Mexico is among several countries trying to strike an economic balance to deal with cheap Chinese steel flooding world markets.

Annual Chinese steel production totals approximately eight hundred metric tons, while Mexico’s output tops out at about one fortieth of that amount, or at twenty million a year. China utilizes half of its producers’ steel for application in its domestic manufacturing, and, subsequently, sells its remaining production at what many nations are increasingly calling dumping prices. In mid-June, steel manufacturers associations worldwide, including those located in Mexico, the United States and the European Union, registered protests regarding the dumping of cheap Chinese steel on global commodities markets.

In Mexico, on one hand, cheap Chinese steel imports represent a troublesome threat for the nation’s domestic manufacturers. The principal unions that represent steel producers, the Sindicato Nacional de Trabajadores Mineros, Metalúrgicos, Siderúrgicos y Similares and the Camara Nacional de Acero (Canacero), have warned Mexico’s Ministry of Economics that the dumping of cheap Chinese steel into the Mexican market at unfair, state subsidized prices may put up to thirty thousand Mexican jobs at risk. The Union has called for the levying of punitive tariffs on Chinese imports in order to protect its workers. Already, several Mexican steel producers have laid off, or plan to dismiss, large number of steelworkers as a result of what they believe is unfair competition. These companies include:

  • DeAcero – The firm has dismissed 2,500 individuals, and has suspended production at one of its plants;
  • Arcelor Mittal Mexico – has announced that it will make a cut in its workforce of 2,800.
  • Altos Hornos de Mexico (AHMSA) – disclosed in June that it would take the countermeasure of laying of 4,500.

On the other hand, some of the nation’s industrial base, primarily Mexican auto makers view cheap Chinese steel imports in a positive light. This is because its presence in the Mexican market exerts downward pressure on the cost of the primary input for the product that it manufactures. Sales of Chinese steels into Mexico have increased between 6% and 10% on a yearly basis between 2010-2014. Passenger vehicle production industry leaders such as Eduardo Solis, president of the Mexican Automotive Industry Association (AMIA), contents that the application of punitive tariffs and/or duties on cheap Chinese steel imports will have a negative impact on, the Mexican automotive industry, one of the country’s most dynamic and fastest growing manufacturing sectors. Another industry which voices a similar opinion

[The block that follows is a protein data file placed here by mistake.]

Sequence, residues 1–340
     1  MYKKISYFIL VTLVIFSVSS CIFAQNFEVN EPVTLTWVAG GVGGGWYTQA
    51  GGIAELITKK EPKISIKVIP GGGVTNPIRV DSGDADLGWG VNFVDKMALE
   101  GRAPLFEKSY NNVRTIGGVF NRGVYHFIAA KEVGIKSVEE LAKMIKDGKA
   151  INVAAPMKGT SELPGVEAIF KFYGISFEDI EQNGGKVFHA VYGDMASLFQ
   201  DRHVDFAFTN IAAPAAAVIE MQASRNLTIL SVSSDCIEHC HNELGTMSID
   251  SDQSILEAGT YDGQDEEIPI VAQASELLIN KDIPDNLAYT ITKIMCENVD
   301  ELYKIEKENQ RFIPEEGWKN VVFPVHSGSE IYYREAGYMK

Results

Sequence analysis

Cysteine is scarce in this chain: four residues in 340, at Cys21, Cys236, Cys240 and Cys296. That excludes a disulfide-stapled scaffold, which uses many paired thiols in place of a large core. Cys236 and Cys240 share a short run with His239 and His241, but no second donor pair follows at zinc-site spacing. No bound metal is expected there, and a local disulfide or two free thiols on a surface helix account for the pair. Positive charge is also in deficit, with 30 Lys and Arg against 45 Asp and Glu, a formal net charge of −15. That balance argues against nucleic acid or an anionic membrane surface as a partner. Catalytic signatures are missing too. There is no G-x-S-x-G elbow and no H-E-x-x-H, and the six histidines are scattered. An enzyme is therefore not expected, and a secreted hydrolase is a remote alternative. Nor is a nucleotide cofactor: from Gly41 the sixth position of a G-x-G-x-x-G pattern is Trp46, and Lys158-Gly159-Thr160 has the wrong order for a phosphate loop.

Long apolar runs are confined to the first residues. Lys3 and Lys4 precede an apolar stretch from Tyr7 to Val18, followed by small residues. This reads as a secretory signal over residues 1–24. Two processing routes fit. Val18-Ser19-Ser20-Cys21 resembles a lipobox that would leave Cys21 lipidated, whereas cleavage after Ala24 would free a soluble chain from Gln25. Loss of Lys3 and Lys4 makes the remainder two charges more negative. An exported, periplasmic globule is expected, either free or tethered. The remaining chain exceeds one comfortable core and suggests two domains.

is involved in the production of home appliances and “white goods.”

At the beginning of the present month, Ildefonso Guajardo, Mexico’s Secretary of the Economy announced that his ministry would refrain from applying financial penalties to cheap Chinese steel imports at this time. The reason that was given for the exercise of present restraint is that an increase in the cost of imported steel will have the effect of pushing end product prices upward, thereby affecting their competitiveness in international markets. There is, however, a delicate balance to be had between this consideration and that of preserving the health and well-being of Mexico’s domestic steel industry.